Wish me Luck!

See this clover oil painting come to life in under 1 minute (time lapse)

Yes, these are just weeds, but when I saw the dainty sprig of clover and its pretty delicate yellow flower, I thought of shamrocks and Ireland, and I was inspired to paint them. Were any of those greens a four leaf lucky clover? No, but that’s what I need for tomorrow. We are looking at a house to rent- finally made a connection before someone else snatched it up ahead of us! I hope it holds up in person and it’s not yanked out from under us at the last minute.

So please wish me luck, and say a prayer. We need to find housing fast. Our May deadline will come up quickly- many of the houses are looking for June tenants, and even into August. We’d have to stay in a hotel or a campsite if we can’t find something with a faster move-in date.

I’m feeling lucky. I’ll let you know how it turns out!


Update from Yesterday

Watch this oil painting “Clover” come to life in under 1 minute (time lapse)

I painted these clover after I found them growing wild through the cracks in the patio, here in Georgia (USA). It reminded me of shamrocks. We saw a lot of wild clover/shamrocks while living in Ireland.

Yesterday’s blog post “LOL, Irishness” was about my experience making a type of Irish shortbread that is baked in a pan for about two hours. I promised an update, so here it is: AMAZING! Oh my! I love these little cookies so very much! But I’d really describe them more as a dessert that goes well with coffee or tea, even for breakfast, rather than what Americans think of as a cookie.

Irish shortbread with an Irish coffee
Irish shortbread pieces in the pan
The texture is a bit dry, yet moist inside- truly delicious
Close up of the shortbread. That bit at the top is melted powdered sugar. I shouldn’t have added the powdered sugar until it was done, but I didn’t know it was still raw until after I put the sugar on. So, I put it back into the oven after the finishing sugar was added, which made an extra texture on the top, but that was a happy accident and very nice!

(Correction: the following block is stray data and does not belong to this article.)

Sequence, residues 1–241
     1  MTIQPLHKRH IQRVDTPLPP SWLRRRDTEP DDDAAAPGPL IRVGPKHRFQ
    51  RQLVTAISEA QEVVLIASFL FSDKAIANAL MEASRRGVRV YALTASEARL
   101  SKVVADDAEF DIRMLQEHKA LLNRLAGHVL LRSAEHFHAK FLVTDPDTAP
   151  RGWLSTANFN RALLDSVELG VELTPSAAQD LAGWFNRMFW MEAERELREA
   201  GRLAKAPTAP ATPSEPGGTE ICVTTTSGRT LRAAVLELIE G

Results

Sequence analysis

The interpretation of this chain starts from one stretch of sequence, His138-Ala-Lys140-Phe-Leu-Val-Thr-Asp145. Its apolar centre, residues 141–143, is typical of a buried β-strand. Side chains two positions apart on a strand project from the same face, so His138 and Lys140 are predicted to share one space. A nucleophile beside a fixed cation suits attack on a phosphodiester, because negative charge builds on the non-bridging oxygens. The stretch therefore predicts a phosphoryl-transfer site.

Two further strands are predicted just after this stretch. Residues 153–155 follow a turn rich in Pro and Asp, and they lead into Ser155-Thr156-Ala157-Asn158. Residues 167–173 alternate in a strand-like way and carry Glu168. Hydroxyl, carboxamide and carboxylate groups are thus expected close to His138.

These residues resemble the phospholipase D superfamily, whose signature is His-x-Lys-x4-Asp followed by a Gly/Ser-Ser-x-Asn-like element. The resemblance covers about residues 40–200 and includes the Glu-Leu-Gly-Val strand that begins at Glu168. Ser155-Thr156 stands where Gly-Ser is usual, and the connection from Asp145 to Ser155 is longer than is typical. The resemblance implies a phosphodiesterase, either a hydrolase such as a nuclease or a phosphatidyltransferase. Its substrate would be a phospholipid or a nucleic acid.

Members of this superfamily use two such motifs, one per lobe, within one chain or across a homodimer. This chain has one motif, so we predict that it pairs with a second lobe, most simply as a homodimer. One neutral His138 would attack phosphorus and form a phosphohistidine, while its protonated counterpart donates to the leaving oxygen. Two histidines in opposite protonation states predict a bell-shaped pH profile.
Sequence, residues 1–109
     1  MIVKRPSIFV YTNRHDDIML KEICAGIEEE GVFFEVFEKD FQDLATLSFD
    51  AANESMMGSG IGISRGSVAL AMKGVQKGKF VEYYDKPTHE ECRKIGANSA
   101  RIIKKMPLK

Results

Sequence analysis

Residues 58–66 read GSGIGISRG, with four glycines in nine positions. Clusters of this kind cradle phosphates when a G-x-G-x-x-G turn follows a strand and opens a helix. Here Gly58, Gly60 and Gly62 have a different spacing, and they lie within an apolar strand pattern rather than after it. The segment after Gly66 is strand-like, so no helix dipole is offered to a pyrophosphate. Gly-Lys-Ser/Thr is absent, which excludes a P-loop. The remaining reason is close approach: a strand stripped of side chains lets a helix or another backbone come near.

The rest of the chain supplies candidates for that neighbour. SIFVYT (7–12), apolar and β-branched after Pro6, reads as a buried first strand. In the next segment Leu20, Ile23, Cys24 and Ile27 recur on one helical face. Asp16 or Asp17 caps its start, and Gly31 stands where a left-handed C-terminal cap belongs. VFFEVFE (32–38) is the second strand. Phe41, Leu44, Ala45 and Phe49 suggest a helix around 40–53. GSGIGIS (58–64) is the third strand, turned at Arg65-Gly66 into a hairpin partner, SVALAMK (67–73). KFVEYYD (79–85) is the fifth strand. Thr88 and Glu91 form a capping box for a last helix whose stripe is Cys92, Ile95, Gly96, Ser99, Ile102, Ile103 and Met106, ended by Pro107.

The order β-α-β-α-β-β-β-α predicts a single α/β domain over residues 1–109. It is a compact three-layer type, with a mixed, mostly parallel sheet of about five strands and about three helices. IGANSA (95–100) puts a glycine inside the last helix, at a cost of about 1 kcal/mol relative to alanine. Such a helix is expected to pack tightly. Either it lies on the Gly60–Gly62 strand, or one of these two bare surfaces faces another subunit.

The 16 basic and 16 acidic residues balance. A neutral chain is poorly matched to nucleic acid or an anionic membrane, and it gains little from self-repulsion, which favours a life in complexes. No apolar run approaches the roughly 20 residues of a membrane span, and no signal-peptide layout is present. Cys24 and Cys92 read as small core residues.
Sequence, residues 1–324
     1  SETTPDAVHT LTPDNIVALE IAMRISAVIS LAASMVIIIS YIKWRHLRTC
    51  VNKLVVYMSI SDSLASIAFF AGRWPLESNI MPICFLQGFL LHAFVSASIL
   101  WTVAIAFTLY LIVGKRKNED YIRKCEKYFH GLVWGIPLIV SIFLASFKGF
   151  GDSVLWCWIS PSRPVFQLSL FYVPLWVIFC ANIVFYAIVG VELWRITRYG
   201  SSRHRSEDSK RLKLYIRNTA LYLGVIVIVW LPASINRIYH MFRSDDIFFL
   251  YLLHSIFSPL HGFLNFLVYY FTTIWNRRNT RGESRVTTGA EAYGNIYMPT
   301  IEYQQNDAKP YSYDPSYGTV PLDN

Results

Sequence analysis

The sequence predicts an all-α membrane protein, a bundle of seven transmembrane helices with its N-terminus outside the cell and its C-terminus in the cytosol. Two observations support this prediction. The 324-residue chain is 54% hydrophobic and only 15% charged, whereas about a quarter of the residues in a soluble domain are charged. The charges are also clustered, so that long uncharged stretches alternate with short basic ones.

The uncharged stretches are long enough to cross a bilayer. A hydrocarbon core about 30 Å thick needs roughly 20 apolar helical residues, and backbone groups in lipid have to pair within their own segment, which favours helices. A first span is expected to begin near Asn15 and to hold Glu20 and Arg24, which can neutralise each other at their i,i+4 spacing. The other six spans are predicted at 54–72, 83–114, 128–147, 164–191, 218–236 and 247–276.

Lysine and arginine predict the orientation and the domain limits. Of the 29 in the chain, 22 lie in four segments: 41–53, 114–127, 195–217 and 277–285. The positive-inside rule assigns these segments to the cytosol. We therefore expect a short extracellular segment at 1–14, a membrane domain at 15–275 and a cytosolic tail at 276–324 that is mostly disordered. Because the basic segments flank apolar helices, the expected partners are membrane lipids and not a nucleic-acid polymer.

You can find this recipe called “Irish Shortbread” by Anissa Wolf at Food.com. If you try it, you may find that you have to bake it for even longer than the suggested time. It was gooey and obviously not done, and easy to tell it had firmed up enough to cut it when it was baked longer. It was suggested to cut the slim bars into 20 pieces while the shortbread is still hot. I used a heat resistant silicon spatula/scraper (the kind you can use to scrape batter in a bowl, or because it’s heat resistant also multi-purpose while cooking) to cut it with and that worked very well.

I was skeptical about such slim pieces lasting long in our house, but the shortbread is quite rich and satisfying to have just the one serving. So, I froze most of it into separate bags since it looks like this dessert is best fresh or fresh-from-frozen. I enjoyed a piece of shortbread this morning for breakfast. And knowing the rest of the batch is in the freezer, I’m happy we’ll have this again soon.

If you want to give this a try, I hope you enjoy it as much as we did. I’ve had a good day today, with a family member who is celebrating a birthday. I hope you had a good day too. Have a happy weekend!


Weeds

Watch this oil painting come to life in under a minute

(time lapse)

It’s been very hot here in the deep South, which shouldn’t surprise anyone. After all, it’s Georgia in August. During the hottest days of summer we fall behind on the yard work because it’s too miserable to push ourselves to care. The weeds enjoy running wild and free until the days get cooler and we get back on track.